Want To Make Political Humor That’s Funny? Target Self-Importance And Hypocrisy.

I try (not always successfully) to avoid politics.  As a young Michael Jordan once noted after being asked to endorse a Democratic candidate, “Republicans buy shoes too.”  But one thing I have noted is is the liberal (in the US political sense, not the classical “The Economist” sense) tendencies of most comedians and humorists.

Frank Rich tackles the topic of the missing conservative comedians in his recent New York magazine piece:

“Conservative comedy is hard to find on television once you get past the
most often cited specimen, Dennis Miller. But is this shortfall the
fault of a left-wing conspiracy to banish brilliant dissident talent
from pop culture’s center stage? As a conservative Christian stand-up,
Brad Stine, has argued,
people think “the left is funnier than the right” solely because the
right hasn’t been “given the same options.” Or are conservative
comedians languishing in obscurity because they just don’t have the
comic chops to compete with Colbert, Jon Stewart, and their many
brethren? What do conservatives find funny, anyway? Is the very notion
of a conservative comedian an oxymoron, given that comedy by definition
is often the revenge of underdogs against the privileged? If the
powerful pick on the less powerful, or worse, the powerless, are the
jokes doomed to come off as bratty, if not just plain mean?”

Rich lays out in gory detail numerous failed (and frankly, embarrassing) attempts at conservative humor.  I didn’t even realize that Fox News had tried to produce a “humorous” Daily Show/Colbert competitor, “The 1/2-Hour News Hour,” the worst-rated program ever according to Metacritic.

Of course, conservatives have no monopoly on unfunny political humor.  Plenty of formerly funny liberal comedians gave into their preachy sides and become dour party-poopers (this means you, Janeane Garofalo, Senator Al Franken, and Keith Olbermann).  My favorite comment on this phenomenon may be The Onion’s 2004 piece on the formerly comedic talk show host Bill Maher, “Bill Maher Spends All Night Arguing With Republican Hooker” (mildly NSFW).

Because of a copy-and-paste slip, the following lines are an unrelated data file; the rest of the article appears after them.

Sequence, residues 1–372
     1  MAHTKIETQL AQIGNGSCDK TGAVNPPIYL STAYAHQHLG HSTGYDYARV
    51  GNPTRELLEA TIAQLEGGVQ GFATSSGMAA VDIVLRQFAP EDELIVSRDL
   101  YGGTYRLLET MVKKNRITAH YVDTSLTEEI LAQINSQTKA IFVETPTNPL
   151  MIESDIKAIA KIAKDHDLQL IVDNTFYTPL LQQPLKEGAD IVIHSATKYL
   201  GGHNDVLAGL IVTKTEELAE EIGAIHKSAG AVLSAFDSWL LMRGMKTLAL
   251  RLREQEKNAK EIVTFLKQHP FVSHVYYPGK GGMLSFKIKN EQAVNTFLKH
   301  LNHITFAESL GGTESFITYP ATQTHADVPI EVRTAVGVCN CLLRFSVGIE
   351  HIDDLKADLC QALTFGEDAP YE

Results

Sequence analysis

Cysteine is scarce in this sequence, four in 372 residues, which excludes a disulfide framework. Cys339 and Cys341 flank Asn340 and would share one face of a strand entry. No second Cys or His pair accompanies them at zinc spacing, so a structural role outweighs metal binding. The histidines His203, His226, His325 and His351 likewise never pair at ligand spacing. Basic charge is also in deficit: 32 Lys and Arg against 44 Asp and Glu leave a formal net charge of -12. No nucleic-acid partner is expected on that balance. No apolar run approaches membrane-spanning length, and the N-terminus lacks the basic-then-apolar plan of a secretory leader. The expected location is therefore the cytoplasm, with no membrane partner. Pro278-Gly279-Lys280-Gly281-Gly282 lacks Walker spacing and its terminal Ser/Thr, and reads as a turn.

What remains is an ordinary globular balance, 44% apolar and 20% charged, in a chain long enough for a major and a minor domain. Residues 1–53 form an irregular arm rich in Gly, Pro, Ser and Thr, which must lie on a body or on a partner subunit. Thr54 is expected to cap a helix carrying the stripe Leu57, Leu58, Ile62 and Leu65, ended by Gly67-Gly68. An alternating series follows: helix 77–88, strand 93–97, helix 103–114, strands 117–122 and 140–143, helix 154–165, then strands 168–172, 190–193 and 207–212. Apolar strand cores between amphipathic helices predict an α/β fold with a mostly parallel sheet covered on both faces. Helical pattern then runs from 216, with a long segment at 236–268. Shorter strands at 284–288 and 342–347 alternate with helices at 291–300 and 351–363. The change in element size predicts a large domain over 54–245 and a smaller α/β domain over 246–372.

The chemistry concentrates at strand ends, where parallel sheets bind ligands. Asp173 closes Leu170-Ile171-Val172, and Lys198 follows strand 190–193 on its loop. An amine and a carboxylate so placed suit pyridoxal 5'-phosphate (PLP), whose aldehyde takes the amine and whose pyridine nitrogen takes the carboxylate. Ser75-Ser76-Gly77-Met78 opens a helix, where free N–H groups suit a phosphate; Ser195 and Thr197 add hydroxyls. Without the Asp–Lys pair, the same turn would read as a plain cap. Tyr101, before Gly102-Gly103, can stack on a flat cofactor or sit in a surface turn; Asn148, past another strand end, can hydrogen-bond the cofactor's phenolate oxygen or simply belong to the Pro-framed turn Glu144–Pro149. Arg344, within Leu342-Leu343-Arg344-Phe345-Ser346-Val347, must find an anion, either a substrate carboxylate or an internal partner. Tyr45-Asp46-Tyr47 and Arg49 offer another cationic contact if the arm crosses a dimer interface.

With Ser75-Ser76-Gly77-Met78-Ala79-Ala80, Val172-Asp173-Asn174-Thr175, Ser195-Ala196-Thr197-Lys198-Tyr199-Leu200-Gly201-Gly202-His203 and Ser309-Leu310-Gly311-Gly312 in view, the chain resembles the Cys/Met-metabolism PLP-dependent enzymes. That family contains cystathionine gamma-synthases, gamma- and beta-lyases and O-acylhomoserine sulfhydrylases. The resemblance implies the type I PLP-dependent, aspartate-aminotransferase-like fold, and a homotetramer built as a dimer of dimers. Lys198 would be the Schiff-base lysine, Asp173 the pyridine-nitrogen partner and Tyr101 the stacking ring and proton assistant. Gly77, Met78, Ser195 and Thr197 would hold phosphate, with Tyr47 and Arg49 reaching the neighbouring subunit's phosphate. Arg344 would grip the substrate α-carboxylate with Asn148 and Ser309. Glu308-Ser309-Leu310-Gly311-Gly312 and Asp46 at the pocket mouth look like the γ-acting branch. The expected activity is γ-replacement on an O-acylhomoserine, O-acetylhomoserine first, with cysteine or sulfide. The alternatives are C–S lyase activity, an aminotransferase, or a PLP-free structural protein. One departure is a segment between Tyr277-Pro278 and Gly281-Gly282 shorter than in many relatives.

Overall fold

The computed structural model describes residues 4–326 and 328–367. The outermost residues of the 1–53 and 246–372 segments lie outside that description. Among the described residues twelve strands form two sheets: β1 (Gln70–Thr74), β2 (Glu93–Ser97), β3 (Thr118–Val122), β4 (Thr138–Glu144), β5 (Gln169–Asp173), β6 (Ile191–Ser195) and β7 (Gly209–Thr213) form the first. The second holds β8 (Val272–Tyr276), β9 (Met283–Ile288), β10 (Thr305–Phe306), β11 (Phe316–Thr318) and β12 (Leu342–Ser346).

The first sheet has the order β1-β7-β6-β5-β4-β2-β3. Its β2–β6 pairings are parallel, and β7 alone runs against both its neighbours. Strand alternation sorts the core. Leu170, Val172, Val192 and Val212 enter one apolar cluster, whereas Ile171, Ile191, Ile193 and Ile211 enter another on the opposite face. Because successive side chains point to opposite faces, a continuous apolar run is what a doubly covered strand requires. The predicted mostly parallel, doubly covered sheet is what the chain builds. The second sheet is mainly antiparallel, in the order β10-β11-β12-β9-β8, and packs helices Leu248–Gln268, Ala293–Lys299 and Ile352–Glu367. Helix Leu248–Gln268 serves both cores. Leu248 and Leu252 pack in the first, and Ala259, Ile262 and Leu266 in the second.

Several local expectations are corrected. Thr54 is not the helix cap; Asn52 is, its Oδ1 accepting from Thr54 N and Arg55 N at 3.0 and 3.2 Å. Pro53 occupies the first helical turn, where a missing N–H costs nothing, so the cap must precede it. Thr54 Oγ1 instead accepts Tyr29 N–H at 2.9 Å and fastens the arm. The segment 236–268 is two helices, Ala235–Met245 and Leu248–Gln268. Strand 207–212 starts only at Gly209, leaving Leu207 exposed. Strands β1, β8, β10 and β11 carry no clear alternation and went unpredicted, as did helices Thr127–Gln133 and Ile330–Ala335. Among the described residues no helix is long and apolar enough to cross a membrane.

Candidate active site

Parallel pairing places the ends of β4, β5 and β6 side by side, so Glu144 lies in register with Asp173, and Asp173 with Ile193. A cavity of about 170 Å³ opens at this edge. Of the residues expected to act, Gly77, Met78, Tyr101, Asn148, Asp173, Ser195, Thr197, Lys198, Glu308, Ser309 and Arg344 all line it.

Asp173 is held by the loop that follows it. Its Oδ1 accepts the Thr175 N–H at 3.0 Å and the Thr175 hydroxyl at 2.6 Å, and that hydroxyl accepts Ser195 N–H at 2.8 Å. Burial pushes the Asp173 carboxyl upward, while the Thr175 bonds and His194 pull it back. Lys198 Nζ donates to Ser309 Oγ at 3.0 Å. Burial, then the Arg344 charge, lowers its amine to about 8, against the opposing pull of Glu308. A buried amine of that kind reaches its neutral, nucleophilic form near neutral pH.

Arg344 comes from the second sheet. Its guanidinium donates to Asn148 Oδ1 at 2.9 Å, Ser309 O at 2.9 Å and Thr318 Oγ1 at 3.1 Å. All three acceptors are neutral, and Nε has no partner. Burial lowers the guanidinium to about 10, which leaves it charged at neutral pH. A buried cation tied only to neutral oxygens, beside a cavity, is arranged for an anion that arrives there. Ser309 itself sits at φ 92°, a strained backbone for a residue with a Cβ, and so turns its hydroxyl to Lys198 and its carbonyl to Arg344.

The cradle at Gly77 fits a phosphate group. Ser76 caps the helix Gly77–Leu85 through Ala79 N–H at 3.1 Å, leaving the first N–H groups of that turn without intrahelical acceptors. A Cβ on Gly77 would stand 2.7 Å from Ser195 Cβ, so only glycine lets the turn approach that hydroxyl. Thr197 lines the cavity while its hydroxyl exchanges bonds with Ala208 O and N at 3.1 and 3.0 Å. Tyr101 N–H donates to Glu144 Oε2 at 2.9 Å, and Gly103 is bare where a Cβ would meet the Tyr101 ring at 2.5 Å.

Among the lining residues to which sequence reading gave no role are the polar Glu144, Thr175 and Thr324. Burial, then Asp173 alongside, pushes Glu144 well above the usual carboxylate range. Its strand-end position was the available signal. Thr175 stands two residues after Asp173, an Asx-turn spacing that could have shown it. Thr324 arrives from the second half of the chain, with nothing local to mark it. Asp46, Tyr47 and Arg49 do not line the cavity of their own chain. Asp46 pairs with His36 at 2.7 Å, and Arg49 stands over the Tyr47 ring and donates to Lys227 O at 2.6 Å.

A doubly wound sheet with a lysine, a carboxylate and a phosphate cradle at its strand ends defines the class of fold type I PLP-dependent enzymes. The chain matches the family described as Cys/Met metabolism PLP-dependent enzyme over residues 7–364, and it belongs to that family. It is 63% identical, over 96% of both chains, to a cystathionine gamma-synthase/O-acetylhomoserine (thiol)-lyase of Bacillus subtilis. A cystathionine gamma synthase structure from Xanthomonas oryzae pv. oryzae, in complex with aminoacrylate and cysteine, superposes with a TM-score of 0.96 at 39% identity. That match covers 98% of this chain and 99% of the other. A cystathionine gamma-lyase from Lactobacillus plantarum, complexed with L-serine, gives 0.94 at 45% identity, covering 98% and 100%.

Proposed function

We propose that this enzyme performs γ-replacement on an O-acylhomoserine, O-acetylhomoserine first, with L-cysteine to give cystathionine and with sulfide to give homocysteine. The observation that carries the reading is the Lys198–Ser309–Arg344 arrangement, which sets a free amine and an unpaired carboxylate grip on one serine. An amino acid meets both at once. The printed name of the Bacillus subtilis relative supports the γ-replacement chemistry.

The real secret is well known to bipartisan takedown artists like The Onion and South Park: target self-importance and hypocrisy.

Attacking a person for their beliefs isn’t universally funny, because doing so implicitly attacks the beliefs of a significant chunk of your audience.

But slamming a person for being a blow-hard or hypocrite?  That’s something everyone can enjoy.

Don’t like Alec Baldwin?  Don’t attack him for his liberal politics, make fun of the hypocrisy of visiting Occupy Wall Street, then shilling for Capital One.

Tied of hearing Al Gore’s voice?  Point out that the global warming crusader made a fortune selling his startup, Current, to oil-funded Al Jazeera.  Excelsior!

It’s the equivalent of the gift that keeps on giving for liberal comedians, the seemingly endless stream of conservative homophobes who are revealed to be secretly homosexual.

Comedy has always thrived by poking fun of the powerful; if there really is a vast left-wing conspiracy, conservative comedians should climb down off their high horse and aim for that rich target.

P.S. Since this is a post about comedy, here’s the funniest video of all time.

UPDATE: I figured it would be good to provide a list of comedians who are Republicans:

  • Drew Carey
  • Adam Sandler (well, he was funny once upon a time)
  • Vince Vaughn
  • Larry Miller
  • Yakov Smirnoff (I guess he doesn’t like Communists)
  • Joan Rivers (residual loyalty to her grade school classmate, Abraham Lincoln)
  • Jim Belushi (insert your own “brother” joke here)

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